Rheumatology News—February 28, 2014
"In a time frame when utilization of total knee and total hip replacement for osteoarthritis is really skyrocketing, with younger and younger patients, I think this speaks to something pretty good going on with our RA patients," Dr. Susan M. Goodman observed at the Winter Rheumatology Symposium sponsored by the American College of Rheumatology.
She presented data from a soon to be published study of nearly 2.8 million arthroplasties included in 10 state databases. The arthroplasty rate for noninflammatory arthritis – the great majority of which is osteoarthritis (OA) – zoomed from 124.5/100,000 population in 1991 to 247.5/100,000 in 2005.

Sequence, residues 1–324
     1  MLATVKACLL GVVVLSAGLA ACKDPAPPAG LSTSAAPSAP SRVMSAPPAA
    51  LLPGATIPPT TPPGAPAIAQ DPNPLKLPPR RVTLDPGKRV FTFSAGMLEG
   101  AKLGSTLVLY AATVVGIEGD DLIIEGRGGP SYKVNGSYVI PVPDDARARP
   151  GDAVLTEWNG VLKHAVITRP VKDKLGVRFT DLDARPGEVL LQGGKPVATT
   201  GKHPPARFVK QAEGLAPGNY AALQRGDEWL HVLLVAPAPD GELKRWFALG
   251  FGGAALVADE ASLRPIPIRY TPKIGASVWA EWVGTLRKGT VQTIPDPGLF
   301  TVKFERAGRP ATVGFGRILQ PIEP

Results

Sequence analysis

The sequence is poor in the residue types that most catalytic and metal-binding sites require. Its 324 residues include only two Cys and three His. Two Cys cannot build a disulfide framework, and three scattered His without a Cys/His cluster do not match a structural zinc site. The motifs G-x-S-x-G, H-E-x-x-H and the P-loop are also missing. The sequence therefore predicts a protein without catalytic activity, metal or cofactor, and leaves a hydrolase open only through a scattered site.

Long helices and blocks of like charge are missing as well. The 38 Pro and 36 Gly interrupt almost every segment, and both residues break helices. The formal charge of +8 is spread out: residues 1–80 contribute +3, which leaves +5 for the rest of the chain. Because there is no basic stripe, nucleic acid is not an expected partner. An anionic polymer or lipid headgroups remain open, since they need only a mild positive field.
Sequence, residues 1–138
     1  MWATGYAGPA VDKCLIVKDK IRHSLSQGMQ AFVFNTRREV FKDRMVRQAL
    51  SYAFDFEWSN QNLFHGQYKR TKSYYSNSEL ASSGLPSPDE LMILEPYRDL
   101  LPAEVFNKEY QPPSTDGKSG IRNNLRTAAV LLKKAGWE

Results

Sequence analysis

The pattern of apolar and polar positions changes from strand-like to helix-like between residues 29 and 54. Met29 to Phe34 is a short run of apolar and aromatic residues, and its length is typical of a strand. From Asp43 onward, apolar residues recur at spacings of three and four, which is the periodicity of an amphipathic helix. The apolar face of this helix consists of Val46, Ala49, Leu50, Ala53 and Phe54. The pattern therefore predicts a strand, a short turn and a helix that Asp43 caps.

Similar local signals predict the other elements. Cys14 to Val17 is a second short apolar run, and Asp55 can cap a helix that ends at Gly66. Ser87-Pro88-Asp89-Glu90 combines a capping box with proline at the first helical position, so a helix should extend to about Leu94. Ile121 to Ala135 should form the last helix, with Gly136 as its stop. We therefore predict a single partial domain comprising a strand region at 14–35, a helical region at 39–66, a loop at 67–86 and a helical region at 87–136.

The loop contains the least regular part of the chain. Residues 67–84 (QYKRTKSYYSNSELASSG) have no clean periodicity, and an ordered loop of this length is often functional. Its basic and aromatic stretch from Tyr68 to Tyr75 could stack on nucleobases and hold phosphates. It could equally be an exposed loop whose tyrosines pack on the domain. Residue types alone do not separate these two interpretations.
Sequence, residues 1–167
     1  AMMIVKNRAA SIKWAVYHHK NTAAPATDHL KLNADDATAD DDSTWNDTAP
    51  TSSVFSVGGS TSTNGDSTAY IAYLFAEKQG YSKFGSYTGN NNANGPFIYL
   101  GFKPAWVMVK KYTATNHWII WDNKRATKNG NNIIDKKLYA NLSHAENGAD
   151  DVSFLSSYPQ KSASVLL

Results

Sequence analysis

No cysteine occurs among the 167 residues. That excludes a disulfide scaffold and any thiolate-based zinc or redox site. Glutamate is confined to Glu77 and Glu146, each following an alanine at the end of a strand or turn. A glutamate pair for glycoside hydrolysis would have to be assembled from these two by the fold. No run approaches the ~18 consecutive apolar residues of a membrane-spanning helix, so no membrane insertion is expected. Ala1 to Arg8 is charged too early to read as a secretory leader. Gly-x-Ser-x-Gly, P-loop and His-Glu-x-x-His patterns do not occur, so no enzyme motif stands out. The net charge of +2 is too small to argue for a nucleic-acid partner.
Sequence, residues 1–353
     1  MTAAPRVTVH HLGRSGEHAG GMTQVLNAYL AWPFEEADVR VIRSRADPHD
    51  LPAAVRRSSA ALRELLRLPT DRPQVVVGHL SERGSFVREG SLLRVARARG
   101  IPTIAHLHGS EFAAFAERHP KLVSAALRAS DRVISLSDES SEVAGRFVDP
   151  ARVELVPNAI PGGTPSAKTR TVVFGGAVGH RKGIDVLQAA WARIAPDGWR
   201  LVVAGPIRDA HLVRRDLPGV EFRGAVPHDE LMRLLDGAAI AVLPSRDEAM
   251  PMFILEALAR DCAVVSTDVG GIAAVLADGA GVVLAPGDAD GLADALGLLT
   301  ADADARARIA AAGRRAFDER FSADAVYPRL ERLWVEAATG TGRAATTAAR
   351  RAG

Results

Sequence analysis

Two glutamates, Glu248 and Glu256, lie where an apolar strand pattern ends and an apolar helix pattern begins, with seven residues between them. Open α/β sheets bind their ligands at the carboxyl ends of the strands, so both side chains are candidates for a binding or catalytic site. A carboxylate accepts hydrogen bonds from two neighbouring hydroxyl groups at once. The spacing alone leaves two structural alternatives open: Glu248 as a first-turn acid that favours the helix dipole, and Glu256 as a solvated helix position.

Meanwhile the rate of arthroplasty for RA fell slightly, albeit statistically significantly, from 4.6 to 4.5 per 100,000. The mean age at the time of arthroplasty for RA rose from 63.4 years in 1991 to 64.9 years in 2005, reported Dr. Goodman, a rheumatologist at Hospital for Special Surgery in New York.
She turned to data from other sources to address issues related to the morbidity of arthroplasty for RA.
For example, it’s well documented that rheumatoid arthritis is associated with elevated cardiovascular risk, such that the typical RA patient has a cardiovascular morbidity burden comparable to that of someone without RA who’s 5 years older. So what does this mean for the many RA patients who come into the hospital for total hip or knee replacement?
Surprisingly, nothing. That is, data from multiple sources indicate RA patients are at no greater perioperative risk of cardiovascular events than are patients with OA undergoing the same procedures.
The take-away message? "Clearly we’re doing something right in managing our patients with RA," Dr. Goodman commented.
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